Chen Zhili, head of the Beijing Olympic Village, received a Leadership in Energy and Environmental Design (LEED) gold award here on Wednesday presented by the U.S. Green Building Council.
On behalf of the council, U.S. Treasury Secretary Henry Paulson honored the award to Chen, who is also vice president of the Beijing Organizing Committee of the 29th Olympic Games (BOCOG).
Chen noted that the concept of “Green Olympics, High-Tech Olympics and People’s Olympics” has been fully implemented at the Beijing Olympic Games. The award affirmed the cooperation between China and the United States in clean energy technology for Olympic Games.
SOURCE: XINHUA – Environment-friendly Olympic Village granted LEED gold award_
THE harmonisation of landscaping and the enhancing of street lighting are two essential aspects in environmental design that the Selangor state government can implement to help curb crime in residential areas, according to a Chinese association in Klang.
Read more @ the SOURCE: the star online – Creating an environment to foil crimes.
A consortium including CDL Land, Foodstuffs (South Island) and Ngai Tahu is seeking a plan change for a significant new residential subdivision just north of Christchurch city limits in Prestons Rd….has potential for up to 6000 residents in 2500 homes.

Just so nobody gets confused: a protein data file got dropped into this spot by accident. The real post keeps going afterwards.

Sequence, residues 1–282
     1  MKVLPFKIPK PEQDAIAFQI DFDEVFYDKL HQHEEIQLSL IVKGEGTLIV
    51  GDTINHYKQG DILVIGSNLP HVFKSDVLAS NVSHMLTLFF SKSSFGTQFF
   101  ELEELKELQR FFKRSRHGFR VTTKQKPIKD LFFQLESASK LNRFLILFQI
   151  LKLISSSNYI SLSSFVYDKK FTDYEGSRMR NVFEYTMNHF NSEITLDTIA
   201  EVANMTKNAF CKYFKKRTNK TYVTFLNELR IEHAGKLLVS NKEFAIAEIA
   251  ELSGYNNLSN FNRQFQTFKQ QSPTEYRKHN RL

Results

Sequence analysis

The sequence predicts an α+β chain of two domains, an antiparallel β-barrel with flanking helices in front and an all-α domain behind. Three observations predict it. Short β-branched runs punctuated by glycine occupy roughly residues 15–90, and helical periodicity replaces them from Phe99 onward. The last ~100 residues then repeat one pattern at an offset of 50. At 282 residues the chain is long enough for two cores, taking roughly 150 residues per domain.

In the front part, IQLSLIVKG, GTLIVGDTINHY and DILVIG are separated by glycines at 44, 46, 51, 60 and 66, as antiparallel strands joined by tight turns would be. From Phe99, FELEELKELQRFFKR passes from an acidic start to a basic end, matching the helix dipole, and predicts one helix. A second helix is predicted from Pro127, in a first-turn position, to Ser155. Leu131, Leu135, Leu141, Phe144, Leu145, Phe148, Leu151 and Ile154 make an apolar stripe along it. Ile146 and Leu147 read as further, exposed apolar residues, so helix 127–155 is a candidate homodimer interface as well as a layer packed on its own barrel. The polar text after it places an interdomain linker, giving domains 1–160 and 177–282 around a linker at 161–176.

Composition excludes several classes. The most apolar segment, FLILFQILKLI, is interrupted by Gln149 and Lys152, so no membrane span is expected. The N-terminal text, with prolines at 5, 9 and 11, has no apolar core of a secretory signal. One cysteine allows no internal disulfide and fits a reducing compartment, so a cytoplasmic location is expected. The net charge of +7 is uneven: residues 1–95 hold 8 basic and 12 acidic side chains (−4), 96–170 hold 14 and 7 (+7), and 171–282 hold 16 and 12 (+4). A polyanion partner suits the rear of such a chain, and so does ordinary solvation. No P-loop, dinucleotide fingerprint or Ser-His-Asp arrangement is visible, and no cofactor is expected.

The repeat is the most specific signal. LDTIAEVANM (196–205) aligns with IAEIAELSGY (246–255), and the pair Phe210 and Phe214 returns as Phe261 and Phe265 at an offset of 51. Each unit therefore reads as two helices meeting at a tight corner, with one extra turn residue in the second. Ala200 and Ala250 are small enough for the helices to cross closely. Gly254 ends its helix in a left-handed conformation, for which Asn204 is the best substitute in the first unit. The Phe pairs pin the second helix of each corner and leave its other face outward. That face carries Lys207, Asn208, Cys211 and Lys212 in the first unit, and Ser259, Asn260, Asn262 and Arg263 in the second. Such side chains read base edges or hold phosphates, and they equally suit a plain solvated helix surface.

Read more @ the SOURCE: National Business Review (NBR) New Zealand – Eco-village challenges urban limit
London, England. Two of the UK’s leading proponents of green roofs have teamed up to produce ‘THE DIY GUIDE TO GREEN & LIVING ROOFS’ – a guide aimed at individuals with a Do-It-Yourself inclination along with those having trouble persuading local contractors to take up the challenge of installing a green roof on their behalf.
‘The DIY Guide to Green & Living Roofs’ is available to buy in eBook formats at http://www.livingroofs.org/DIY_Guide_intro.html for GBP 11.65.
SOURCE: PressZoom.com – Global News Service – News and Press Release Distribution.
The Portugal Resident reports that “HUNDREDS OF Lisbon city centre buildings are standing empty because owners don’t have the money to do them up.
Despite being granted planning permission for improvements and change of use, many 19th and early 20th century buildings remain in a dilapidated and rundown state because the owners believe it is cheaper to wait until they have to be torn down and sell the land on to developers….”
Read more @ the SOURCE: The Online Resident – online edition of The Resident – Algarve and Lisbon Edition – News, information and classifieds.